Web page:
Malicious employees may get the most publicity for insider threat types, yet it’s the staff members who jeopardize your company unknowingly who pose the real threat. We’re talking here about the “mistake-makers”, they who fall for the phishing emails, giving the hackers the system access; the ones who, through lack of attention or through lack of training, exploit or give out sensitive data or deleting or modifying it in error.
Negligent employees in fact were the cause of triple the number of security incidents (64%) than those of malicious employees (23%), according to Ponemon Institute’s 2018 Global Cost of Insider Threats Study. Cost-wise a security incident caused by a negligent employee cost their employers an average of $283,281 per incident, which translates to an average annual cost of this negligence of $3.81 million. On the other hand, actual criminal or malicious employees cost their employers less – at $2.99 million. Furthermore, time-wise, insider incidents require 73 days to be brought under control, according to this study.
Yet a trusted business partner, a supplier, or a contractor with unchecked access to either sensitive data or systems can do irreparable damage in a company. In other words, the reality is, unfortunately, that these “insiders” aren’t always an employee.
How then to protect your company?
Secure your company with these five easy steps
Revolutionary Security suggests CISOs take the below steps to beat insider threats.
How you hire is the first step towards stopping insider threats. Together with your HR department, you need to fully vet potential recruits, carrying out background checks (comprising of civil litigation and criminal records) and request references to check up on how employees behaved during their past employment.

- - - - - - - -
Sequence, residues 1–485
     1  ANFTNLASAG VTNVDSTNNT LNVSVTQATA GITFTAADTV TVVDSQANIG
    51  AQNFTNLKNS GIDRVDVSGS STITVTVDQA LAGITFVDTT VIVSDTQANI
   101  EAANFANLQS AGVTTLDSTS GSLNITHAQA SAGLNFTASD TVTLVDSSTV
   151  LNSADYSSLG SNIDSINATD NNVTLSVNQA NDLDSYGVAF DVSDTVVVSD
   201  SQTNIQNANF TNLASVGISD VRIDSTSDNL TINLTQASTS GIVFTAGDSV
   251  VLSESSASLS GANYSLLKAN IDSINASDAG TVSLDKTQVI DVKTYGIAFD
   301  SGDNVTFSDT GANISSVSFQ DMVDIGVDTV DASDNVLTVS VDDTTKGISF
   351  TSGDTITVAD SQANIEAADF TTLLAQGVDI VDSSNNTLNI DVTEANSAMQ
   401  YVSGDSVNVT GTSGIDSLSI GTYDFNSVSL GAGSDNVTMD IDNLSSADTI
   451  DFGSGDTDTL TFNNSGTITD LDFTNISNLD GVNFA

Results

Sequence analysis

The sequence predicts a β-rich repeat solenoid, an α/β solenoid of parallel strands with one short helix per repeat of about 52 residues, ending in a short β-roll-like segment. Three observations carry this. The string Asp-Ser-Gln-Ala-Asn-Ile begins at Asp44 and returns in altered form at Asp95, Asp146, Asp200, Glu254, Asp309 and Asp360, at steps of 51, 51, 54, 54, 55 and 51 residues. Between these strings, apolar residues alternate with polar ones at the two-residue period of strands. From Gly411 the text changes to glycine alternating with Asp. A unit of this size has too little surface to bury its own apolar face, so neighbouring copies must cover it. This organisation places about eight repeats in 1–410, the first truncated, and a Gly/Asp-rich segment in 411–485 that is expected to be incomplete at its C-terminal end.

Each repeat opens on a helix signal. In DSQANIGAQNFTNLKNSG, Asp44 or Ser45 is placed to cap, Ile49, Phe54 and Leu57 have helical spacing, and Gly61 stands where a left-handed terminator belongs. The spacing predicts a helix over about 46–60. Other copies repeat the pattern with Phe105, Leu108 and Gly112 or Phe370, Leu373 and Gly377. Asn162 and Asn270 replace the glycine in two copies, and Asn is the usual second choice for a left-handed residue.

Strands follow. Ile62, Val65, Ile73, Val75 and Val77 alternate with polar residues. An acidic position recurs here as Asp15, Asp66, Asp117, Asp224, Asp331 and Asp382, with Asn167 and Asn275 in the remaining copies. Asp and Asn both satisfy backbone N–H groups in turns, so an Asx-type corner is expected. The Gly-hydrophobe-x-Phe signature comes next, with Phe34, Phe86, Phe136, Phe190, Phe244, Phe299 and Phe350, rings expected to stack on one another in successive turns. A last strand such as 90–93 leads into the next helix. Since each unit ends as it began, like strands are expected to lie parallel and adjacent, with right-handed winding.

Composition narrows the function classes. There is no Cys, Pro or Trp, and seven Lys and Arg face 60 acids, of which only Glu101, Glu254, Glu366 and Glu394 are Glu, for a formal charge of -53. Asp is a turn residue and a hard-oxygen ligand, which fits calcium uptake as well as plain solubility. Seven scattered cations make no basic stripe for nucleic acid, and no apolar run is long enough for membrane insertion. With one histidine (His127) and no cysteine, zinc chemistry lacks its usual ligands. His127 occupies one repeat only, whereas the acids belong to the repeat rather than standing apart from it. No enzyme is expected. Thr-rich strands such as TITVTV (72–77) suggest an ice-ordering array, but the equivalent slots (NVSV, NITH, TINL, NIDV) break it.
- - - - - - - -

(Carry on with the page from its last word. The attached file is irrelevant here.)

Update your training regarding security awareness
Having a workforce that is fully trained is another defense against insider threats. The average training program gives a 37-fold return on investment, according to a Ponemon anti-phishing training program survey. Full training should alert employees to untoward behavior, which points to insider threats, in their colleagues – as well as knowledge on how to deal with and who to escalate their concerns to.
Set down and/or bring Company policies up to date
Your company’s policies on the security of their intellectual property and other assets as well as responsible sharing, need to be put into place or updated. Traveling with laptops, work-related personal devices, accessing third-party email providers should also be implemented as well as managing likely or confirmed incidents.
Data Access – management and limit
The priority of every business should be to safeguard trade secrets, intellectual property, and customer information. To begin with, keeping an eye on the information employees can access. You can add another layer of security by limiting who can access cloud storage sites and 3rd party email providers. Preventing the usage of computer thumb drives and unpermitted software installation should also be carried out. Safeguard and limit access to information by installing enterprise mobility management solutions across apps and mobile devices. Toughen up remote employee protection (a vulnerable situation) with security solutions based in the cloud for their work online.
Data Usage and network activity monitoring
By keeping an eye on employee network data flows and the behavior of employees, an organization’s defenses are able to better counter insider threats. By monitoring, by way of programs for user analytics, organizations can follow the data access history and activities, thereby providing an assessment of the risk level. Analytics programs for behavior offer the most in cost savings compared to other tools.
To conclude then, data leaks are an expensive issue to resolve, whatever size or industry applies to your company. You can however minimize the risk of data leaks, loss, or theft if you put into place the above five steps.